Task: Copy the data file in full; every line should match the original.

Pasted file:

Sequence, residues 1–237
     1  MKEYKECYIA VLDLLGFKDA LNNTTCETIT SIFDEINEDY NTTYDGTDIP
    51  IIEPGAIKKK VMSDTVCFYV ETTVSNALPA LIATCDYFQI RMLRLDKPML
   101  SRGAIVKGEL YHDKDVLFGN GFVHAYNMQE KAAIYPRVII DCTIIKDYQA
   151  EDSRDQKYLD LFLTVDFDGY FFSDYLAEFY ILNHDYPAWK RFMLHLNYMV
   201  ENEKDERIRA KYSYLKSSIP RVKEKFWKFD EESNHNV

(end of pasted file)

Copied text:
Sequence, residues 1–237
     1  MKEYKECYIA VLDLLGFKDA LNNTTCETIT SIFDEINEDY NTTYDGTDIP
    51  IIEPGAIKKK VMSDTVCFYV ETTVSNALPA LIATCDYFQI RMLRLDKPML
   101  SRGAIVKGEL YHDKDVLFGN GFVHAYNMQE KAAIYPRVII DCTIIKDYQA
   151  EDSRDQKYLD LFLTVDFDGY FFSDYLAEFY ILNHDYPAWK RFMLHLNYMV
   201  ENEKDERIRA KYSYLKSSIP RVKEKFWKFD EESNHNV